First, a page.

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Is Nestle Involved in Murder Of Colombian Union Leader?

Luciano Romero's homicide is now taking center stage in a legal battle to define corporate responsibility in conflict zones.

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While Jorge 40 and the AUC have now demobilized, paramilitary successor groups, often led by former mid-level commanders, continue to terrorize unionists working at Nestle today.

In 2011, Roberto Gonzalez became the 13th Nestle unionist to be murdered when he was shot in the back in Valledupar. In 2012, 23 SINALTRAINAL members who are current or former Nestle workers received death threats.

“Every time there is a labor dispute, there is a leap in paramilitarism,” said Paez. “The threats come, people are followed, there are some really difficult security situations.”

Some of the threats received last year directly referenced protests SINALTRAINAL had led against Nestle, including one promising to “exterminate” the union for their campaign at Nestlé’s Bugalagrande factory. The tone of the threats has changed little since the paramilitary heyday and recipients remain, as in one threat sent by neo-paramilitary group the Urabeños, “guerrilla sons of bitches disguised as unionists.”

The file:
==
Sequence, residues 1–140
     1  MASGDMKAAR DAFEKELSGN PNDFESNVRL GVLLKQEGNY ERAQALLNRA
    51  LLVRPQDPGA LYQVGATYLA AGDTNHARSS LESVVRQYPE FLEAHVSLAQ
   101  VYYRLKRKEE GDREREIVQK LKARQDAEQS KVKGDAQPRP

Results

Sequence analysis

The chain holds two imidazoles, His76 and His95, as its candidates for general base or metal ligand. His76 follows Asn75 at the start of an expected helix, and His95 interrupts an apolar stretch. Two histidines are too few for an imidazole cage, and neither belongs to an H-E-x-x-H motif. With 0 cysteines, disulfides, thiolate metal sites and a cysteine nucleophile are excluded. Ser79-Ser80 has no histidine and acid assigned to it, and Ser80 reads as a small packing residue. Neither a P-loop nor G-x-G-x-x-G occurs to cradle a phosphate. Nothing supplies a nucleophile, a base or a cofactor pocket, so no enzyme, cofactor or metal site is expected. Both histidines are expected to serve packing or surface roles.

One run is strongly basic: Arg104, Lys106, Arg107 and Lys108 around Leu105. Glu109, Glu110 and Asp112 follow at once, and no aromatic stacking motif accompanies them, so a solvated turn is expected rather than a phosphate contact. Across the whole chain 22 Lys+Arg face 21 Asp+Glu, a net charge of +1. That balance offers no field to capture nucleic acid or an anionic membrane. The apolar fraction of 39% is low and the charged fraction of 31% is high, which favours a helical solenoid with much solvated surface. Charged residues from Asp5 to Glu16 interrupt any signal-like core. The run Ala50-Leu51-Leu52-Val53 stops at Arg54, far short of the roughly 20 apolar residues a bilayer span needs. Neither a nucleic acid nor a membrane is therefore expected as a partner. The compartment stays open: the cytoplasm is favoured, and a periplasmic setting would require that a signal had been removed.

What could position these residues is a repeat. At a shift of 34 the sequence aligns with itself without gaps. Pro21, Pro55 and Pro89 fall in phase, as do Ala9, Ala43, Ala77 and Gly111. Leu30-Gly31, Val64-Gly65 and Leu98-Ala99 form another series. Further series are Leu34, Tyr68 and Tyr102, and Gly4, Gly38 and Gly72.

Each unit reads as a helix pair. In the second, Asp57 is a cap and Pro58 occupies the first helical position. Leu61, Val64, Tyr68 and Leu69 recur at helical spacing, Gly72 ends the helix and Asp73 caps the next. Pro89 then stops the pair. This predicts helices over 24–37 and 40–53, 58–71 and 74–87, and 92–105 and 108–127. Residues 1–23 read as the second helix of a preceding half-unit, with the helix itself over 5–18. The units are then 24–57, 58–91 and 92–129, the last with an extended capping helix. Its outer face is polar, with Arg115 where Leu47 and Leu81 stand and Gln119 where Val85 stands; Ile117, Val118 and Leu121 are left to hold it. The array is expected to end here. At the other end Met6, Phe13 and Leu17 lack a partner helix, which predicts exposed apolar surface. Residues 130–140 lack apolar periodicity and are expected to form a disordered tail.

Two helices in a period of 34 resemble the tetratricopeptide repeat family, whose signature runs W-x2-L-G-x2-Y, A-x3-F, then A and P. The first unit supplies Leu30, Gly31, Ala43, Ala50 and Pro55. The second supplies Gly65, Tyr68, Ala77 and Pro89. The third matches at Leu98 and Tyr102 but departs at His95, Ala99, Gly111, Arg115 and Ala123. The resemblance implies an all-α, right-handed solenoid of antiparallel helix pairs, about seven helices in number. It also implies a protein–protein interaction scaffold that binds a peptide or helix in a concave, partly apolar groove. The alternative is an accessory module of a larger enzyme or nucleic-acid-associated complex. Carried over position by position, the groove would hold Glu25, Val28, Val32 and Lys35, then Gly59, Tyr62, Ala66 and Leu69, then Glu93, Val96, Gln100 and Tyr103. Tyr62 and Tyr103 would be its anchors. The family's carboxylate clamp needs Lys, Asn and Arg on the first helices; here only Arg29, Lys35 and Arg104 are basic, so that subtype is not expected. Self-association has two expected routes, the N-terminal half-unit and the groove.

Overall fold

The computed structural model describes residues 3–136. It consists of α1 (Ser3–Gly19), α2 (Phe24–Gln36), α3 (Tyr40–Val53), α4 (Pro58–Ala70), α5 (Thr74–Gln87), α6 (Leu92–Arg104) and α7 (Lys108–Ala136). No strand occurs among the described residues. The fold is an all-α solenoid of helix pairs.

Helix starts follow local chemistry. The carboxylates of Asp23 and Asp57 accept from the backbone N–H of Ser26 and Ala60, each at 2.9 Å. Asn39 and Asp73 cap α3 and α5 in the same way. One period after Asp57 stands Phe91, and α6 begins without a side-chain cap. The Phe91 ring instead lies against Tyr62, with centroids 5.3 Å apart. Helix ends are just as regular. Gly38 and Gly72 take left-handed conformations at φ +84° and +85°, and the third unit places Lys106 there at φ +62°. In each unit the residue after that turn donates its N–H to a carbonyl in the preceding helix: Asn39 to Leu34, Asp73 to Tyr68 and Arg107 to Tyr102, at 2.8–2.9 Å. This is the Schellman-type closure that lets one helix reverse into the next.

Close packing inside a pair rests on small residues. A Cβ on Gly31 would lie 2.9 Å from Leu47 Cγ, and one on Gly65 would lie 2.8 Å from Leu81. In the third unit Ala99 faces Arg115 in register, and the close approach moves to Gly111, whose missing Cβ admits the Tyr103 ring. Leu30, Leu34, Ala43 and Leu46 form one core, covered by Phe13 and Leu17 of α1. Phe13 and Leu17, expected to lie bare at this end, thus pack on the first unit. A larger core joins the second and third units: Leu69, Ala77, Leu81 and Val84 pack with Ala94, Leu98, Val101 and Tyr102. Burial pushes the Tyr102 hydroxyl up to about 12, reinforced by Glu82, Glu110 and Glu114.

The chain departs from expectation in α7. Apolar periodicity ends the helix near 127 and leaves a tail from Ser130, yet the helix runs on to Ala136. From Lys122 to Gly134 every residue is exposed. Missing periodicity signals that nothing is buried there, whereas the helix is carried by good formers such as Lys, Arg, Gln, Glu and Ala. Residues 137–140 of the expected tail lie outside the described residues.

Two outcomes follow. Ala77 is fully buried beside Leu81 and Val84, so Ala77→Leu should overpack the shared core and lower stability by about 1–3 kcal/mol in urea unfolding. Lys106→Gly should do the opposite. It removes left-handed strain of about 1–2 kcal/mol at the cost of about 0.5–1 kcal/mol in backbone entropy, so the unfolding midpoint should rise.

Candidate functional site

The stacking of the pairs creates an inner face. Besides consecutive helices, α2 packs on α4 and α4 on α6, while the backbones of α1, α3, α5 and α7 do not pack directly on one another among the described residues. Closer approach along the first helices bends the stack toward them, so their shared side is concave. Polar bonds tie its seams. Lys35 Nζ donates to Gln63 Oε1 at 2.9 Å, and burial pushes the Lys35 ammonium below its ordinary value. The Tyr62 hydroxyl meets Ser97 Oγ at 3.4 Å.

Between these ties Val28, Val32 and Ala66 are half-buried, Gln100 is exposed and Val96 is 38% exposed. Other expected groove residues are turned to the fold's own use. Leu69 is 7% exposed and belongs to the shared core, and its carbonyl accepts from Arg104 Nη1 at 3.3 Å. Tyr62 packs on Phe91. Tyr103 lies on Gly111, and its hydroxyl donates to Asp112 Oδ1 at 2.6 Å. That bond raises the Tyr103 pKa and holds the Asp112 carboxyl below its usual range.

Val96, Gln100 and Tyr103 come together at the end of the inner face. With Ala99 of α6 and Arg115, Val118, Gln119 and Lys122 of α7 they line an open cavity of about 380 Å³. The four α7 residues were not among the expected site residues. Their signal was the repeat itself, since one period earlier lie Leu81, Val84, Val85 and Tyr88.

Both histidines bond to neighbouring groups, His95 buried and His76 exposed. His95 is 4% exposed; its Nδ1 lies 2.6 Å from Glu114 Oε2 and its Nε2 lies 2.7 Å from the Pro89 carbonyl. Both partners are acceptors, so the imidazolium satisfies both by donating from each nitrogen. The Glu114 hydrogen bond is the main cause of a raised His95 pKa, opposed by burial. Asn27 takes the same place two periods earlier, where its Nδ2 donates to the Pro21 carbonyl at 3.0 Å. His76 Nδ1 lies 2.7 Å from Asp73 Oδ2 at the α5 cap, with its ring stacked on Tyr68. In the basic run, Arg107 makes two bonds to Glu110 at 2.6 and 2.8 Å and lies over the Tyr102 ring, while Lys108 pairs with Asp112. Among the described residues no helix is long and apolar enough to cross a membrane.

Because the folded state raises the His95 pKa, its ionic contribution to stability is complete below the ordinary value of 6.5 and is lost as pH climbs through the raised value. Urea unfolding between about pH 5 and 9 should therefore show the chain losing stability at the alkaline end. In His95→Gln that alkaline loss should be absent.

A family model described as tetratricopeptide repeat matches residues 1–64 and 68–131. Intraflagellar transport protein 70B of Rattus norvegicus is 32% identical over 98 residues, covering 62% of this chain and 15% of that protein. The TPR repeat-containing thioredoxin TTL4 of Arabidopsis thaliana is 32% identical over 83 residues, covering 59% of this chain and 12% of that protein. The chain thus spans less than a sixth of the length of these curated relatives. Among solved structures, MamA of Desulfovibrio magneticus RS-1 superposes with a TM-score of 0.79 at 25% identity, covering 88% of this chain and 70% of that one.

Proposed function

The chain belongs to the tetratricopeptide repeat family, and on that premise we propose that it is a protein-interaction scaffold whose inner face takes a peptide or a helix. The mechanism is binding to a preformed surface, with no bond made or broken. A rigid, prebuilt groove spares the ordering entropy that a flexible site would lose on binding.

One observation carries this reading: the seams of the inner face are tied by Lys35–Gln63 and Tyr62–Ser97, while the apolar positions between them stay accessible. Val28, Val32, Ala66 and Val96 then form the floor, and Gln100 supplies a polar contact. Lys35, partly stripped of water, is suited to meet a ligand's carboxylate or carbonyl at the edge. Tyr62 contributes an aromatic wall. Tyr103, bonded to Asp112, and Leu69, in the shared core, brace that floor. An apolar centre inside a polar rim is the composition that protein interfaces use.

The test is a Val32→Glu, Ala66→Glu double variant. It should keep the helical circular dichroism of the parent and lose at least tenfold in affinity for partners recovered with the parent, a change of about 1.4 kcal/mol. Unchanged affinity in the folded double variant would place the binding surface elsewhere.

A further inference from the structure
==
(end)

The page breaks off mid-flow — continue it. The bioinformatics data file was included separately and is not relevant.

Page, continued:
Paez believes the links between paramilitarism and the landowning elite who supply DPA-CICOLAC with milk have also changed little. “DPA is still buying milk and they buy this milk from these men, who in some way have connections to paramilitarism,” he said.

While the struggle to hold corporations accountable for their role in Colombia’s dirty war continues, those on the front lines of that war have little doubt as to who it has benefited from the violence. “In Luciano’s case who won?” said Baron. “The state won because there is one man less in the struggle, the company won because they benefited directly and above all, the bosses won because they managed to show that with violence you can bring an end to unionism.”

James Bargent is a freelance journalist based in Colombia.
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